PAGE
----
Twitter Plot Summary: A knight challenges Death to a game of chess and questions life, the universe and everything as he does so.
Five Point Summary:
1. Chess against Death? I doubt his odds.
2. A merry band of players. And a baby’s bottom.
3. Never discuss chess tactics with a priest.
4. He should never have climbed that tree.
5. A merry dance? Oh my.
Most people will likely only recognise The Seventh Seal on one of two, possibly three grounds. The first would be Death emerging from the screen in Last Action Hero and imparts wise words (he is played by Ian McKellen after all); the second would be Bill and Ted’s Bogus Journey, whereby the teen rockers challenge Death to a multitude of games and he proves to be a sore loser. Then there’s the final act of Monty Python’s The Meaning of Life, where Death intrudes on a well spoken dinner party which has some slightly less than appetising salmon mousse. The chess game in particular is the central conceit to The Seventh Seal, where an errant knight encounters Death and challenges him to a game of chess, the winner taking the knight’s life.
A young Max von Sydow plays the knight, Antonius Block, a man who questions the existence of God and his place in the world. This is set against a backdrop of the Black Death, a time of great religious strife and deference. As people drop dead from the plague left, right and centre, the knight and Death play their merry game of chess. Perhaps the outcome is never in question – death is immutable after all – yet questions are raised regarding the human spirit, the validity of faith and what it means to be alive. Symbolism abounds from start to finish – the young baby boy of actors Jof and Mia, Death given physical form, and of course that iconic game of chess.
The game of chess is not the only focus though. As it turns out, that iconic meeting of minds is a mere background thread. On their journey across the plague-ridden lands the knight and his squire – a man who wouldn’t be out of place stood alongside The Big Lebowski’s nihilists – encounter several people who enlighten their journey. There are the aforementioned family of Jof, Mia and their son, a servant girl who is saved by squire Jons from being raped by the man who made Block go off on the crusades in the first place, and the blacksmith and his wife.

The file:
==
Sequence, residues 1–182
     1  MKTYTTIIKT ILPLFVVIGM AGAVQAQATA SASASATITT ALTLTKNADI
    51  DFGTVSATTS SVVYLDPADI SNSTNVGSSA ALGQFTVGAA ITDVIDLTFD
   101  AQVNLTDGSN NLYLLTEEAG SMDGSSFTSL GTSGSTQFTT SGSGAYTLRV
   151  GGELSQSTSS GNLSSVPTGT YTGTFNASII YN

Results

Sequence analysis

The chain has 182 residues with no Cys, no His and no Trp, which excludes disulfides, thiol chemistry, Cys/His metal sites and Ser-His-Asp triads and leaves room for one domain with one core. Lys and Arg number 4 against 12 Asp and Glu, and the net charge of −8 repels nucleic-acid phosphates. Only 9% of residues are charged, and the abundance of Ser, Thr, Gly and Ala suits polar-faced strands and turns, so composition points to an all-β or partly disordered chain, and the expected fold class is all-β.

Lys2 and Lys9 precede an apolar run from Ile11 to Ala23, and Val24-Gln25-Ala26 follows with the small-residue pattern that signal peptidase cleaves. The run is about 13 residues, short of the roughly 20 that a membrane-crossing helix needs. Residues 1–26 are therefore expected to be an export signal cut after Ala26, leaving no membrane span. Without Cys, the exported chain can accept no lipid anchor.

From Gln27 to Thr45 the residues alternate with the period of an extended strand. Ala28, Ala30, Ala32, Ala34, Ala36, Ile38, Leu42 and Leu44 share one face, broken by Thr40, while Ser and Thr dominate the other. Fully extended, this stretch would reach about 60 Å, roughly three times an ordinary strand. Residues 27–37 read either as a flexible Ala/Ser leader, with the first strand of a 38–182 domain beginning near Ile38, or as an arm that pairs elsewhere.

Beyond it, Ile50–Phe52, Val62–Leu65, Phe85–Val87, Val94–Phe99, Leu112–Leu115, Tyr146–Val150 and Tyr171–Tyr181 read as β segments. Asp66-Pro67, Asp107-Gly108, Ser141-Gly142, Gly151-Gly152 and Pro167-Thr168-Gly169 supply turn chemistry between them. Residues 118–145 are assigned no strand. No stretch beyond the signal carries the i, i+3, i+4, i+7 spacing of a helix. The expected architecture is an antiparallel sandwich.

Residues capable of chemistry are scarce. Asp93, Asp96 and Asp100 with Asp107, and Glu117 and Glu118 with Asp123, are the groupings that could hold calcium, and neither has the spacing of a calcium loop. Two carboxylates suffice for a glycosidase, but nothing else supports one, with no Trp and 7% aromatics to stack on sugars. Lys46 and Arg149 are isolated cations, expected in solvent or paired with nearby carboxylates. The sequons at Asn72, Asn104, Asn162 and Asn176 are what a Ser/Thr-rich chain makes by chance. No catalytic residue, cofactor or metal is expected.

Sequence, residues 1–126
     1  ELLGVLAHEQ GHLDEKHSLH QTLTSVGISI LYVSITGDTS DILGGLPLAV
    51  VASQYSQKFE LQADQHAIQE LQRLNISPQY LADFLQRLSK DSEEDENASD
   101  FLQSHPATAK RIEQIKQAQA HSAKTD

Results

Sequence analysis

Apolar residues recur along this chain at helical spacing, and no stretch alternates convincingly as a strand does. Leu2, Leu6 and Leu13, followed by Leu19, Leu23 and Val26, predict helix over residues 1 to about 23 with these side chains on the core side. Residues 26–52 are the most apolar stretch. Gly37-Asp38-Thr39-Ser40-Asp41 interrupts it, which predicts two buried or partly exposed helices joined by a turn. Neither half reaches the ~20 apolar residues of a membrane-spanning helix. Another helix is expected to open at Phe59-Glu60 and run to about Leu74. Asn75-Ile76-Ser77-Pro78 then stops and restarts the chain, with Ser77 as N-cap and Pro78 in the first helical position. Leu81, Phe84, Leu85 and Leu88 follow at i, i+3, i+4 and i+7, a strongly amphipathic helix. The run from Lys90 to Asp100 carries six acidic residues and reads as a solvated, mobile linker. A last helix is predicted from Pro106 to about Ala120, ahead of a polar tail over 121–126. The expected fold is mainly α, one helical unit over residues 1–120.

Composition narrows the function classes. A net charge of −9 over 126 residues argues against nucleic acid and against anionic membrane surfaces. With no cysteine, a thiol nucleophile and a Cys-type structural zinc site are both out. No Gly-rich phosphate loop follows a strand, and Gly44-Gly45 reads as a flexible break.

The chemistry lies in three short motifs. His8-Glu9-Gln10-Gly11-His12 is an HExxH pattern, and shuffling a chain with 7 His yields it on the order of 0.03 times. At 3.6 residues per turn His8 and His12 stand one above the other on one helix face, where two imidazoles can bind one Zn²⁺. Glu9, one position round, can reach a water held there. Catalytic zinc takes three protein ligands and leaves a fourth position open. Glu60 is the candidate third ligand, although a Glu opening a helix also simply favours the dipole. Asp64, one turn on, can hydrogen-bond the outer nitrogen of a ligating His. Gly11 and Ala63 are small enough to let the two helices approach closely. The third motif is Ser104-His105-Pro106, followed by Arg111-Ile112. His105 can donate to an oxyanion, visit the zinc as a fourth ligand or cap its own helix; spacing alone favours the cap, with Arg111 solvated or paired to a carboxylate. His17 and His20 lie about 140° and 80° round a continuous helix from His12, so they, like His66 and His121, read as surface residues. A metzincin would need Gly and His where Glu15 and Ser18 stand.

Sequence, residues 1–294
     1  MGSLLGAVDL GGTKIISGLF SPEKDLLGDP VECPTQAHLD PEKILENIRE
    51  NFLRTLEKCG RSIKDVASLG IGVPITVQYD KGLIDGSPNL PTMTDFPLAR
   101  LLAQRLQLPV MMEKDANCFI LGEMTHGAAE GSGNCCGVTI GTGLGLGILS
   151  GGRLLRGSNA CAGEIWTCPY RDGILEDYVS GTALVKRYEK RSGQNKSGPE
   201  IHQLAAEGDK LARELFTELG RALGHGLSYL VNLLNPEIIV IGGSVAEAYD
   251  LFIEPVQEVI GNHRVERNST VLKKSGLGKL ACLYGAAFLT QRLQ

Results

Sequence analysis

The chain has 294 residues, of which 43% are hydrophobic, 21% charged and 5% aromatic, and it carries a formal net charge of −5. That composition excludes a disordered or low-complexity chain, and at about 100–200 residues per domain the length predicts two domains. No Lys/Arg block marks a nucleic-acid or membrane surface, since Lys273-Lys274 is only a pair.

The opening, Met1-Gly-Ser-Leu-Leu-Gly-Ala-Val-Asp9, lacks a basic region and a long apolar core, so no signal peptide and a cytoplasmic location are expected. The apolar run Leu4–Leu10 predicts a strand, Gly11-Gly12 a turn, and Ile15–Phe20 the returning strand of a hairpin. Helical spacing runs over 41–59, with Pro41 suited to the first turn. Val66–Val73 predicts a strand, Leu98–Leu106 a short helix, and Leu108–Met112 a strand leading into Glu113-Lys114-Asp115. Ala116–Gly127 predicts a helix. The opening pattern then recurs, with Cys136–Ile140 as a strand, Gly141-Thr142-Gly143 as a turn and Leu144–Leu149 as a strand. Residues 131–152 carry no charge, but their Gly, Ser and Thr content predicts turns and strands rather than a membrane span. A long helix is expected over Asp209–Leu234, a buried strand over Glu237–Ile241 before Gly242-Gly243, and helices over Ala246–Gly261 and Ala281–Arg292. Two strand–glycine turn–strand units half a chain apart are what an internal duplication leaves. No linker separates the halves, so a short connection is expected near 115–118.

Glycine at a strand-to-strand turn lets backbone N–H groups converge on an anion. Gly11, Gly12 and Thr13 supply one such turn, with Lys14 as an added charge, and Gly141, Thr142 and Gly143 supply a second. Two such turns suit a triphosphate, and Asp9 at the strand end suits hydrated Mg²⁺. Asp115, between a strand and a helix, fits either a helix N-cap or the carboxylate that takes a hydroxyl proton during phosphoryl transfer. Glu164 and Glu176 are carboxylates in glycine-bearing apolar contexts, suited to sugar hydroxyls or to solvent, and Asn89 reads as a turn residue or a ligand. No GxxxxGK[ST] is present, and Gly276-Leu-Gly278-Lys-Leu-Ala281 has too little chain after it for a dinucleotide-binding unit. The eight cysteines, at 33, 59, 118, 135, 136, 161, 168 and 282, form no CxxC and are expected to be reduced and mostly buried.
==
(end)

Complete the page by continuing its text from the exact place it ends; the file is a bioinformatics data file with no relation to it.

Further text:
On reading about the film further after my viewing, one of the evident themes is that of the silence of God, described in the Book of Revelation and where the film gets its title. Throughout all of the pain and suffering experienced by the knight and those he encounters, death is a consistent presence and the merciful God is nowhere to be found. Funny that. On the subject of amusements, it might be heavy on allegory but that doesn’t mean there isn’t ample opportunity for humour. This is provided distinctly by the blacksmith, his wife and Skat, an actor/tour manager type who runs away with the blacksmith’s wife until she grows weary of him – what follows is a genuinely funny conversation whereby the wife’s methods of worming her way back into the blacksmith’s good books are laid out for all to see.
It’s existential, relatively verbose and likely nonsensical to the vast majority of people who see it, but these are all good things. To be fair, the thing that is likely to put most people off is the fact it’s subtitled. There’s meaning and depth to be found should you choose to watch The Seventh Seal, and you can make of its themes what you will. Therein lies the signs not only of a good film, but a great one.